Bangladesh’s track record in exercising soft power in the issues referred to above reflects its commitment to comply with international regulatory processes and participation in institutional mechanisms. Bangladesh complies with internationally agreed norms, practices, and standards, and maintains a liberal approach to multilateralism. The country is already a party to major international regulatory mechanisms applicable to the Arctic: the 1982 United Nations Convention on the Law of the Sea; major regulatory mechanisms adopted by the International Maritime Organization; the 1992 United Nations Framework Convention on Climate Change (UNFCCC), its Kyoto Protocol and the subsequent Paris Agreement; and the Convention on Biodiversity, among others. Bangladesh recognises the sovereignty of the Arctic states, including the sovereign rights of the coastal states in the Arctic Ocean as approved by the framework of the Law of the Sea. Being a coastal state itself, Bangladesh has successfully resolved maritime boundary disputes with India and Myanmar in the Bay of Bengal. Additionally, it has filed technical, scientific data with the Commission on the Limits of the Continental Shelf, delineating the outer limit of its continental shelf in the Bay of Bengal. In the Arctic, with the exception of the United States, all other coastal states have lodged their submissions to the commission, with those of Canada, Denmark, and Russia overlapping to a slight extent on the central Arctic Ocean seabed. The developments in this regard can further enhance the shared understanding and experiences between Bangladesh and the Arctic.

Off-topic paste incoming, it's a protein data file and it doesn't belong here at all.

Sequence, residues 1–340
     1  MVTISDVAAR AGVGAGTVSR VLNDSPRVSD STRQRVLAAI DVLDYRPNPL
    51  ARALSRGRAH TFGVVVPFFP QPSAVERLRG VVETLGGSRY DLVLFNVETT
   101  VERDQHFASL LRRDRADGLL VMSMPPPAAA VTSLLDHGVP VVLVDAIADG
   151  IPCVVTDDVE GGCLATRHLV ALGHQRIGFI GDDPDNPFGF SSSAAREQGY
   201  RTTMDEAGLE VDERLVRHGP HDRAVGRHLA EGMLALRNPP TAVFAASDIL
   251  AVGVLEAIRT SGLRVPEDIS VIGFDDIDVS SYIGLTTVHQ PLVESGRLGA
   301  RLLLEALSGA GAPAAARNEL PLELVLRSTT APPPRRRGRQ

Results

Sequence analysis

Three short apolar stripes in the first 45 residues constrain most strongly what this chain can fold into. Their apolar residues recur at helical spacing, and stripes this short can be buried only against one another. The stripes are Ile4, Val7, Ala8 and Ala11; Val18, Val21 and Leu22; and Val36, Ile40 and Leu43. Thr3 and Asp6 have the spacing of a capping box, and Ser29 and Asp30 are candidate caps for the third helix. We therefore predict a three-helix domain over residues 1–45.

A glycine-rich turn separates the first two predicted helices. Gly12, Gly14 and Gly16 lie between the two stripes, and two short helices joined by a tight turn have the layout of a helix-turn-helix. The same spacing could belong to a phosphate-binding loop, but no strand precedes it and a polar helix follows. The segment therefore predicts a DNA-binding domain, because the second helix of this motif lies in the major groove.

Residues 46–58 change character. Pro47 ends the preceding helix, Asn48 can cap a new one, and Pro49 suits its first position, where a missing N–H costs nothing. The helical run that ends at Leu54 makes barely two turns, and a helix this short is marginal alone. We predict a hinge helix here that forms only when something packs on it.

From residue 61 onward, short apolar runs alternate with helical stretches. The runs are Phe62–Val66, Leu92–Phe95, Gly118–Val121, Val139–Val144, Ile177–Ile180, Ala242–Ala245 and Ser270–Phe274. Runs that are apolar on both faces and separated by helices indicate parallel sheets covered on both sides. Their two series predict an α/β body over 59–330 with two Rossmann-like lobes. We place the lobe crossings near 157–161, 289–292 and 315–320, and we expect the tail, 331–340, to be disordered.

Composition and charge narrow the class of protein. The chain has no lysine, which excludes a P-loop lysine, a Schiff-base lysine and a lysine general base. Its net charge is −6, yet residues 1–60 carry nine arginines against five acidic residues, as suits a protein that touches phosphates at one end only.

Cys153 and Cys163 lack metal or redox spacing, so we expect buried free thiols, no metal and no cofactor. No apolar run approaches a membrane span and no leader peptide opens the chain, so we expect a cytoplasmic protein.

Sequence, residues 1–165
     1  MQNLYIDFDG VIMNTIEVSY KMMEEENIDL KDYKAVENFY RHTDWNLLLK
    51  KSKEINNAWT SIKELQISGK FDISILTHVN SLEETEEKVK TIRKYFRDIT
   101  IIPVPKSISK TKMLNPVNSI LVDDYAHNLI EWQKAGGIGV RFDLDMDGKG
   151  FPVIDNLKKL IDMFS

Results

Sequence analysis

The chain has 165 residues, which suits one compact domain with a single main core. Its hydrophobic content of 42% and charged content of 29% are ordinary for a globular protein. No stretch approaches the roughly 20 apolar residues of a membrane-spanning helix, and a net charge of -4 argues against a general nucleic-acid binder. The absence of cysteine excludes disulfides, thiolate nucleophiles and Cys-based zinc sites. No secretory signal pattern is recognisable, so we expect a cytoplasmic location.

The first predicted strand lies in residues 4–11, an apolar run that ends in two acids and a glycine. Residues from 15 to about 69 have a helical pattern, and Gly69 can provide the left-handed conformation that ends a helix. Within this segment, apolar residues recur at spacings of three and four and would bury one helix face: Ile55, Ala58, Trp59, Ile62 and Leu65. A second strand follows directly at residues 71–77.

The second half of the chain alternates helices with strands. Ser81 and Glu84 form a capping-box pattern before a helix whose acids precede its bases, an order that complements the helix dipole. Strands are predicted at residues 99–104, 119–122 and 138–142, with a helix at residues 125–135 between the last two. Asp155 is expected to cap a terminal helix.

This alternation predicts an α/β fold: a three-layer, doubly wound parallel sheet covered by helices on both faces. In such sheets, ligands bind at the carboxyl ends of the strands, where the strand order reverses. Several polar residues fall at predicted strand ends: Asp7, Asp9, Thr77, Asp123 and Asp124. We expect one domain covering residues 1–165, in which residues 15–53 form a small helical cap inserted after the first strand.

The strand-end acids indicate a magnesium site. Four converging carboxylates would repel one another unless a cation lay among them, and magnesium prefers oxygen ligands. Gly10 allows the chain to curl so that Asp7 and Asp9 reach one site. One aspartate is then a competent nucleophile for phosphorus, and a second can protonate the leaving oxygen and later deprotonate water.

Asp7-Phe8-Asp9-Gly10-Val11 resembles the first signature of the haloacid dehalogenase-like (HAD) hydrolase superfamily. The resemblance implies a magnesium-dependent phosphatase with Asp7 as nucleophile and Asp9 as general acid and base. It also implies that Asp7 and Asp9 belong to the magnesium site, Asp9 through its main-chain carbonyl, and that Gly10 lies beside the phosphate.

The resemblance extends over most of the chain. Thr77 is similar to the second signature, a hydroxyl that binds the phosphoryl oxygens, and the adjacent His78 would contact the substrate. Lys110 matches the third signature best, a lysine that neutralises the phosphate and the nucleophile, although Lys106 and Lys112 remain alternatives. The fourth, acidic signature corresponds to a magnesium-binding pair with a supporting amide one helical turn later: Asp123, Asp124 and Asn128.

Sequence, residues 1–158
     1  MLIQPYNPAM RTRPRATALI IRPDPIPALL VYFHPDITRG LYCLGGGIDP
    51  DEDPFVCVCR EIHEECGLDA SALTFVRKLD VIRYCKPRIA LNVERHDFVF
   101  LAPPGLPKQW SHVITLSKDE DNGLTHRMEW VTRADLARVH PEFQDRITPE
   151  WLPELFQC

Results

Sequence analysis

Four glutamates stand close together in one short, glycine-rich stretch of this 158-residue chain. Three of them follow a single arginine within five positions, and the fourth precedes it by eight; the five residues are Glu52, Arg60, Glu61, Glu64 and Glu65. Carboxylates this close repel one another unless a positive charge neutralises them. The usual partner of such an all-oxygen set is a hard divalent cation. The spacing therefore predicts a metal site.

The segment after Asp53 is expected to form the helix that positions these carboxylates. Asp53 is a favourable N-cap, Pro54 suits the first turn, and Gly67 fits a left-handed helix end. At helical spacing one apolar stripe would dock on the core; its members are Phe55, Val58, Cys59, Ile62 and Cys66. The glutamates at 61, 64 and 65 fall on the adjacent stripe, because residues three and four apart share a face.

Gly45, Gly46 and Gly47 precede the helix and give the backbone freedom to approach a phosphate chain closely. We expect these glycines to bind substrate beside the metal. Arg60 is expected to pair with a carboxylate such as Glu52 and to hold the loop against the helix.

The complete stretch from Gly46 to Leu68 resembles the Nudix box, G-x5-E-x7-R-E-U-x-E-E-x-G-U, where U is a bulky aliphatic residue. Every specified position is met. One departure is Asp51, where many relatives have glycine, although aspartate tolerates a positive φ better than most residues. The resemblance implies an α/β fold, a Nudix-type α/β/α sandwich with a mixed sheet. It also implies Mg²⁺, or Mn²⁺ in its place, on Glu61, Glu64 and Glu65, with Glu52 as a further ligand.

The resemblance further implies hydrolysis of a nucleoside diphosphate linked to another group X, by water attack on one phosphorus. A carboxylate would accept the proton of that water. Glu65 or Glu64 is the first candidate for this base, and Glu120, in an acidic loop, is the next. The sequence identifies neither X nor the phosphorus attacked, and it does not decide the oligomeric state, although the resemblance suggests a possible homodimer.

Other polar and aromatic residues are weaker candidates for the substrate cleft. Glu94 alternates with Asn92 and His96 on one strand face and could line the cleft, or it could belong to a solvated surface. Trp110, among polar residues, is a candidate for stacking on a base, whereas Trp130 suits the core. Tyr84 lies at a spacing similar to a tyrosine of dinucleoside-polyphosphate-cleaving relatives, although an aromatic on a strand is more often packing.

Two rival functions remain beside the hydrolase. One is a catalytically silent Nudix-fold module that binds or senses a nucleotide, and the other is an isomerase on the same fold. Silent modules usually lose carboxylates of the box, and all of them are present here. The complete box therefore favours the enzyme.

The Arctic’s and Bangladesh’s experiences in areas such as climate change and its sociocultural and environmental impacts on the people, disaster management, as well as respect for the rights of indigenous and tribal peoples and the importance of their traditional knowledge, offer opportunities for mutual learning. Collaboration in these areas will contribute to creating scientific knowledge and translating that knowledge into concrete actions. The credibility of Bangladesh and its success and capability in maintaining a relatively nonaligned position in regional and global diplomacy suggest that the country could exercise a constructive role to benefit, and to be benefited from, the Arctic politics. Such a role would contribute to and promote science diplomacy drawing on the established links between the Arctic and the Global South on the agenda geared to climate change and climate-induced disaster management. Bangladesh’s soft-power role in such diplomacy and in regional power politics, which accords the country a favourable position, justifies its being admitted as an observer on the Arctic Council, where Bangladesh will be well-qualified to ably represent itself and the Asian region as a whole.
Kamrul Hossain is a research professor and the director of the Northern Institute for Environmental and Minority Law (NIEM) at the Arctic Centre of the University of Lapland in Finland. This article is an abridged version of the original write-up published at polarconnection.org.